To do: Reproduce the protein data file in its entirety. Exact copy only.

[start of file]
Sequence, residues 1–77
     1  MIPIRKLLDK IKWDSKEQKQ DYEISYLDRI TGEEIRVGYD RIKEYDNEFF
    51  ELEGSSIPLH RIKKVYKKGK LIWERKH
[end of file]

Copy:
Sequence, residues 1–77
     1  MIPIRKLLDK IKWDSKEQKQ DYEISYLDRI TGEEIRVGYD RIKEYDNEFF
    51  ELEGSSIPLH RIKKVYKKGK LIWERKH